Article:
The technique lizards use to grab their grub influences how they move, according to researchers at Ohio University.
A research team led by doctoral student Eric McElroy tracked 18 different species of lizards as they walked or ran in order to understand how their foraging styles impact their biomechanics. The study, funded by the National Science Foundation, was featured in the April 1 edition of the Journal of Experimental Biology.
Lizards use two basic foraging techniques. In the first approach, aptly dubbed sit-and-wait, lizards spend most of their time perched in one location waiting for their prey to pass. Then, with a quick burst of speed, they run after their prey, snatching it up with their tongues.
In the other form of foraging, known as wide or active foraging, lizards move constantly but very slowly in their environment, using their chemosensory system to stalk their prey, according to the research team, which included McElroy’s adviser Stephen Reilly, professor of biological sciences, and undergraduate honors thesis student Kristin Hickey.
Although wide foraging evolved from the sit-and-wait technique, these two styles are almost opposites. Some wide foragers are on the move about 80 percent of the time while sit-and-wait foragers may move only about 10 percent of the time, said Reilly, co-author of a recent book on the topic, Lizard Ecology, published by the Cambridge University Press.
While all lizards have the ability to run, a predatory defense mechanism, the study found that sit-and-wait lizards won’t walk. Lizards that use the sit-and-wait method of foraging use running mechanics even when moving at slower speeds.
Wide foragers, however, evolved a walking gait and mechanics. They must move at slower speeds in order to use their advanced chemosensory system to locate their prey.
Foraging and locomotion are so closely linked, in fact, that three groups of wide foragers that had reverted to using the sit-and-wait technique actually lost the ability to walk, the researchers reported.
“The most interesting aspect of this research is that it demonstrates a clear link between animal behavior and functional morphology. It’s quite amazing and surprising that the behavioral diversity that everyone knows about and is inspired by is grounded in form, function and physiology,” McElroy said.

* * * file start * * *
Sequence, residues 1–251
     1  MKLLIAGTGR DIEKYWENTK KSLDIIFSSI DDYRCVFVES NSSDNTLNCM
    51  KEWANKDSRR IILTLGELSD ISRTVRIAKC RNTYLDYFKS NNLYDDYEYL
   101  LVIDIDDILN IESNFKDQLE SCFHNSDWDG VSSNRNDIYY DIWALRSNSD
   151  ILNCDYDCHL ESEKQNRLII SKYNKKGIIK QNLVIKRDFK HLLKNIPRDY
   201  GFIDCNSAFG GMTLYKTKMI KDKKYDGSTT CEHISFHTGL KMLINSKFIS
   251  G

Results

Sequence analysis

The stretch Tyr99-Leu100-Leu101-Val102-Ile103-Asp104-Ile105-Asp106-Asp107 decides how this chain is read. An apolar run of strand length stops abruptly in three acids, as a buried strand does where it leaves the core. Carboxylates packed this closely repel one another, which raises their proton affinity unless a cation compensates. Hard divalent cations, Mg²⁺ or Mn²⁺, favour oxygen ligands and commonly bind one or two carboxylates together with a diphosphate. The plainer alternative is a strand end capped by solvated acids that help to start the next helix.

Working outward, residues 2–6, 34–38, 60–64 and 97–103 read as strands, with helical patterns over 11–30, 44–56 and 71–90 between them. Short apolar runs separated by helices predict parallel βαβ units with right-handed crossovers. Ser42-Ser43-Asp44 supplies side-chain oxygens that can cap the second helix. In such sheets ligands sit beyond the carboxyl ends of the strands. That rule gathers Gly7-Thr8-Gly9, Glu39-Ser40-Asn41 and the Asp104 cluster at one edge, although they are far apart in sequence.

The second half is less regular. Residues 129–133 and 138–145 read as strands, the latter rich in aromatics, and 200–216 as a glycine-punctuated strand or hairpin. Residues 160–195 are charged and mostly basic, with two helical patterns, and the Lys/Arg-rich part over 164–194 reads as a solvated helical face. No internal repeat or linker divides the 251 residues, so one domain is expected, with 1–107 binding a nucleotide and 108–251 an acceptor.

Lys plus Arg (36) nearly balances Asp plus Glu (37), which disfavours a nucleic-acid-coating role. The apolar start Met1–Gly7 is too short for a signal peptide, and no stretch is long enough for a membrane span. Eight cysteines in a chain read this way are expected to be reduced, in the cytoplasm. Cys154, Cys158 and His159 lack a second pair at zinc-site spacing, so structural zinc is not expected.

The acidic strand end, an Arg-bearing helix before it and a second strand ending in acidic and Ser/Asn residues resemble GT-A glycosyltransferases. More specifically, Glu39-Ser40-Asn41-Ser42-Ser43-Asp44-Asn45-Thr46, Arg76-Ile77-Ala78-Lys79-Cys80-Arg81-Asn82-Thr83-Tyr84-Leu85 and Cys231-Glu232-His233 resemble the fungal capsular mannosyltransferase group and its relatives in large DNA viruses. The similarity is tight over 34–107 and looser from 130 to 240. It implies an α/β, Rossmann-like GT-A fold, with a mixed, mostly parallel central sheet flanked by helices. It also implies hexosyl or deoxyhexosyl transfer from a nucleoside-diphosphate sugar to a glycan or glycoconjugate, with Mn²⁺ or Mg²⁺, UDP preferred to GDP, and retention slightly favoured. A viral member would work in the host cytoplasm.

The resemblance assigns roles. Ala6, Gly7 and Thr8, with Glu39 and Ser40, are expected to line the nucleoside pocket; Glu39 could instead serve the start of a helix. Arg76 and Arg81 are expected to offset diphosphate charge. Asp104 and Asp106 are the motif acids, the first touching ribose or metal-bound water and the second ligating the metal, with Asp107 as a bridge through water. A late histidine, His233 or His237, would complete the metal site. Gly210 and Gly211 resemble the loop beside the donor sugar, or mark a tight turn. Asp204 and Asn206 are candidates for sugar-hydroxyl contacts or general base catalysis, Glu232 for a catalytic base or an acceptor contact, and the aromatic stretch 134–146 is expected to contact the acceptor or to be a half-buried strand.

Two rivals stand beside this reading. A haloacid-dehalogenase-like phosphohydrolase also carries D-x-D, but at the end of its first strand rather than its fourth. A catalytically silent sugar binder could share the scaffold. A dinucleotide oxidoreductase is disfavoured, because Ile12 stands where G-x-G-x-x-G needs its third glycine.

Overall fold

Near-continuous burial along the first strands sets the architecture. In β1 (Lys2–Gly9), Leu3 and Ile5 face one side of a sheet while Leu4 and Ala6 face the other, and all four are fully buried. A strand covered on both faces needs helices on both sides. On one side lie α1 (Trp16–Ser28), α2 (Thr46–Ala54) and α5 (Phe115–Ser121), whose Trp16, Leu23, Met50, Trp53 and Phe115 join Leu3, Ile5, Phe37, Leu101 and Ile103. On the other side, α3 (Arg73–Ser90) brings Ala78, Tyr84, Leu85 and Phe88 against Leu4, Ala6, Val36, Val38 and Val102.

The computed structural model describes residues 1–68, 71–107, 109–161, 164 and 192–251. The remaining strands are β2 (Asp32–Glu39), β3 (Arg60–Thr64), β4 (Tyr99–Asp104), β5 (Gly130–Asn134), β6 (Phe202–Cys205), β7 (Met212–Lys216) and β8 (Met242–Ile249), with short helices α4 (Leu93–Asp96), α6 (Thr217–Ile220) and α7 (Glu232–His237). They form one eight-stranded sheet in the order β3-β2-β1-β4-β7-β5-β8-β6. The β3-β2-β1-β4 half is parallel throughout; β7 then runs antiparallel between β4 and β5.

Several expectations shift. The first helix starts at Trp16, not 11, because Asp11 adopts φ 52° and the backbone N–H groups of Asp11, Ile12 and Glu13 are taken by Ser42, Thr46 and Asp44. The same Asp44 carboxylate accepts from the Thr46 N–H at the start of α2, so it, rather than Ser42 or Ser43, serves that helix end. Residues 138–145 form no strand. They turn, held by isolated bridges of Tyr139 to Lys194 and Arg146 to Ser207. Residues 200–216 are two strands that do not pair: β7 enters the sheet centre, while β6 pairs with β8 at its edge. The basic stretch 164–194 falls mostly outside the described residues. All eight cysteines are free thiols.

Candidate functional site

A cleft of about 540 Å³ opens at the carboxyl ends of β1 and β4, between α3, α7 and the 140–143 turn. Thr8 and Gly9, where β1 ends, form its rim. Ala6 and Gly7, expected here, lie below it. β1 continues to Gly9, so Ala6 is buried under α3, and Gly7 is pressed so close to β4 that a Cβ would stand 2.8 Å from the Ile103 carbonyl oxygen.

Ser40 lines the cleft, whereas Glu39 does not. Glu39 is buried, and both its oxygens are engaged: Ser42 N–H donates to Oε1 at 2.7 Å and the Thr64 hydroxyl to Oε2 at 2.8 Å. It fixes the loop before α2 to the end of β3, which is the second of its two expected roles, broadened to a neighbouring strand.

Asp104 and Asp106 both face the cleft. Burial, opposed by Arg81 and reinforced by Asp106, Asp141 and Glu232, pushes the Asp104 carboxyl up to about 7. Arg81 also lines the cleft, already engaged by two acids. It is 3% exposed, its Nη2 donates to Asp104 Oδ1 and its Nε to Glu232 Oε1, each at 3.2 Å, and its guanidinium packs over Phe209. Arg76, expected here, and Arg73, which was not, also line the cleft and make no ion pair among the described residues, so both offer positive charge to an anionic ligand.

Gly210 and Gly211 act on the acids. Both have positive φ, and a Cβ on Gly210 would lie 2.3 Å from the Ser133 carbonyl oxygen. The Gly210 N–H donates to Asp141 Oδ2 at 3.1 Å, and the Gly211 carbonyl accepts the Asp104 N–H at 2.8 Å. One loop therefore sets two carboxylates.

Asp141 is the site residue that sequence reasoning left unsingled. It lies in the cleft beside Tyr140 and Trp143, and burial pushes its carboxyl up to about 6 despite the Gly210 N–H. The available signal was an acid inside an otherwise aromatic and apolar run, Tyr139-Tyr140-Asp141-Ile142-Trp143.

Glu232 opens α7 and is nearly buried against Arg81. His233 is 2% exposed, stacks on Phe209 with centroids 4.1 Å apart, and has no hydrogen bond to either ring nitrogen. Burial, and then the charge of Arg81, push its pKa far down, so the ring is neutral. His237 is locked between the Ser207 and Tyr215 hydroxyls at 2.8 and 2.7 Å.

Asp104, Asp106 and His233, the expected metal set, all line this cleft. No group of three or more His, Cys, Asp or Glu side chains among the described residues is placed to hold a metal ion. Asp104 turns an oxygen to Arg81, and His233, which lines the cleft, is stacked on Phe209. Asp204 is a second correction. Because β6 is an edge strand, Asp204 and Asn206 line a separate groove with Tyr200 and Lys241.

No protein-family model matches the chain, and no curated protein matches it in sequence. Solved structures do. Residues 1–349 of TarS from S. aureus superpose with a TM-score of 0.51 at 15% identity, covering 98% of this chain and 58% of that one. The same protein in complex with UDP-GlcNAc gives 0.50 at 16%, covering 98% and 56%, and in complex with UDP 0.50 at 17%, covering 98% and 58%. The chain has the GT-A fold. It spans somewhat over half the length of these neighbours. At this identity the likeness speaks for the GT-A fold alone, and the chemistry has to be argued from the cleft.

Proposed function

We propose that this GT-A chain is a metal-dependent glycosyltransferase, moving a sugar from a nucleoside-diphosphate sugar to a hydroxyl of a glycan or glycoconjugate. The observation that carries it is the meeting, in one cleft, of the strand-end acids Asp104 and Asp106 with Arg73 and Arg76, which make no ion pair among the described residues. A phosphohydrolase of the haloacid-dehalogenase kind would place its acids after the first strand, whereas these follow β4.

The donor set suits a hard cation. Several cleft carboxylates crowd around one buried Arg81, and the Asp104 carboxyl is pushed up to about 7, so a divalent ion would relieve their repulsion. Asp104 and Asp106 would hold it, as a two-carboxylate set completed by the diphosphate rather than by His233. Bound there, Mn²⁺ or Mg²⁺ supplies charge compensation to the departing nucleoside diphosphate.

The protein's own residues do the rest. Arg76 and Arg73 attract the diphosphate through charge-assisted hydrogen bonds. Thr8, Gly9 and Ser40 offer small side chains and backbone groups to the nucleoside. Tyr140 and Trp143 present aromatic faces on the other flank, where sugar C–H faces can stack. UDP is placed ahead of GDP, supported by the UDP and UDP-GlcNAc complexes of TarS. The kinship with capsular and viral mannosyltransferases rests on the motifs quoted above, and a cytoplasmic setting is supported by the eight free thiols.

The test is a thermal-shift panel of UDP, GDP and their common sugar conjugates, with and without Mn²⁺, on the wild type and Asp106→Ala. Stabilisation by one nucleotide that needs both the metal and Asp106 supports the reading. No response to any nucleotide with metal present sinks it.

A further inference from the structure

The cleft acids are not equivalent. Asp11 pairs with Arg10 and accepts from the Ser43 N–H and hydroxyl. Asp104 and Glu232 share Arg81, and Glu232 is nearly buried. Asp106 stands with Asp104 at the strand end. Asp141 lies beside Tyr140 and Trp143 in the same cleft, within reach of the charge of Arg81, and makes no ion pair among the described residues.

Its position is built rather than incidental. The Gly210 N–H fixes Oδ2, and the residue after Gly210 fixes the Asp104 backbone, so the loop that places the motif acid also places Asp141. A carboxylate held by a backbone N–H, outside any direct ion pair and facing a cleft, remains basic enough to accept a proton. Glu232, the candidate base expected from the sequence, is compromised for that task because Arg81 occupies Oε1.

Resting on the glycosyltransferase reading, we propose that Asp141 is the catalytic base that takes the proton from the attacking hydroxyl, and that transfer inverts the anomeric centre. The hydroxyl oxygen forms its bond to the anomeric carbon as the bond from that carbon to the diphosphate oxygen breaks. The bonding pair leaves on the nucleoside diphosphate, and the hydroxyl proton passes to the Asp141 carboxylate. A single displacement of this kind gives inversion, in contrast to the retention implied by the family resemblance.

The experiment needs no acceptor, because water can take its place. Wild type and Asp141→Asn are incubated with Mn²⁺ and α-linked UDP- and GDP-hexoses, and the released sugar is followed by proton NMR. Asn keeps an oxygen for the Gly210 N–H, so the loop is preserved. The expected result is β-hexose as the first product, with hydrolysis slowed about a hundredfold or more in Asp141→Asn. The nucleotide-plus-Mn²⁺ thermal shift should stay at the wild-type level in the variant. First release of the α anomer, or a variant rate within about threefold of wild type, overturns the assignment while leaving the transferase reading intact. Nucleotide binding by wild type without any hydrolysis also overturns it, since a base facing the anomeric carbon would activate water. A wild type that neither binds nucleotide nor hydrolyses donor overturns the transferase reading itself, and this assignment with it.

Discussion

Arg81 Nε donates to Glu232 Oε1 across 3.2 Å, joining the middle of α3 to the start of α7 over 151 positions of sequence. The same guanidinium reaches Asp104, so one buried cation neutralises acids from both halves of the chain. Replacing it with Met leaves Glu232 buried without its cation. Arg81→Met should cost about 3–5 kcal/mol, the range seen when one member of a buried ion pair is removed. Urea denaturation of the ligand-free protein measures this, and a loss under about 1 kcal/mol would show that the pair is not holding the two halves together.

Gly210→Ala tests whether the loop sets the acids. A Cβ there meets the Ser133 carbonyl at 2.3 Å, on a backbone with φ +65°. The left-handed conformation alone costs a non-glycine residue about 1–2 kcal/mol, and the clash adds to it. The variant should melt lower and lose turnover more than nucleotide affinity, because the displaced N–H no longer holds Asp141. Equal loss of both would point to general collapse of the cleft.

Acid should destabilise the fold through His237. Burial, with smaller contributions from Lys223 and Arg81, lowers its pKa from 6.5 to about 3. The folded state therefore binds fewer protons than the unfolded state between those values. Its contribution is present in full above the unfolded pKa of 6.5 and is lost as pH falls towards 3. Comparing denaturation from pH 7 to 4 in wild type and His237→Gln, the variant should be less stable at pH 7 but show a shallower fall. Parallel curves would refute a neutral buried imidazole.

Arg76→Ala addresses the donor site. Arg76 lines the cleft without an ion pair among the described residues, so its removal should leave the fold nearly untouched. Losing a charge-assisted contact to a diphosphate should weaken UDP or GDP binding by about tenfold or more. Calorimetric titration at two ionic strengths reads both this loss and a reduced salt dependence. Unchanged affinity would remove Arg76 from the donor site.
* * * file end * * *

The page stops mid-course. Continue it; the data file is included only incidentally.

The researchers used a race track with a built-in force plate to record the forces generated by the lizards and a high-speed video camera to record each critter moving at various speeds. The scientists collected data from the force plate and analyzed the video to determine whether the lizard was using running or walking mechanics.
The study used a large, representative sample of lizards made up of 18 different species, such as skinks, iguanas and monitor lizards. This extensive study uses one of the largest data sets for center of mass mechanics, McElroy said, and is one of the few that focuses on reptiles instead of mammals.
“Everybody works with people, dogs or horses. But they’re all freaks,” Reilly said. “They’ve gone erect, they have extra joints. They are the kings of bouncing vaulting and running fast. We are working on the sprawlers.”
Andrea Gibson | EurekAlert!
Single-stranded DNA and RNA origami go live
15.12.2017 | Wyss Institute for Biologically Inspired Engineering at Harvard
New antbird species discovered in Peru by LSU ornithologists
15.12.2017 | Louisiana State University
DNA molecules that follow specific instructions could offer more precise molecular control of synthetic chemical systems, a discovery that opens the door for engineers to create molecular machines with new and complex behaviors.
Researchers have created chemical amplifiers and a chemical oscillator using a systematic method that has the potential to embed sophisticated circuit...
MPQ scientists achieve long storage times for photonic quantum bits which break the lower bound for direct teleportation in a global quantum network.
Concerning the development of quantum memories for the realization of global quantum networks, scientists of the Quantum Dynamics Division led by Professor...
Researchers have developed a water cloaking concept based on electromagnetic forces that could eliminate an object's wake, greatly reducing its drag while...
Tiny pores at a cell's entryway act as miniature bouncers, letting in some electrically charged atoms--ions--but blocking others. Operating as exquisitely sensitive filters, these "ion channels" play a critical role in biological functions such as muscle contraction and the firing of brain cells.
To rapidly transport the right ions through the cell membrane, the tiny channels rely on a complex interplay between the ions and surrounding molecules,...
The miniaturization of the current technology of storage media is hindered by fundamental limits of quantum mechanics. A new approach consists in using so-called spin-crossover molecules as the smallest possible storage unit. Similar to normal hard drives, these special molecules can save information via their magnetic state. A research team from Kiel University has now managed to successfully place a new class of spin-crossover molecules onto a surface and to improve the molecule’s storage capacity. The storage density of conventional hard drives could therefore theoretically be increased by more than one hundred fold. The study has been published in the scientific journal Nano Letters.
Over the past few years, the building blocks of storage media have gotten ever smaller. But further miniaturization of the current technology is hindered by...
11.12.2017 | Event News
08.12.2017 | Event News
07.12.2017 | Event News
15.12.2017 | Power and Electrical Engineering
15.12.2017 | Materials Sciences
15.12.2017 | Life Sciences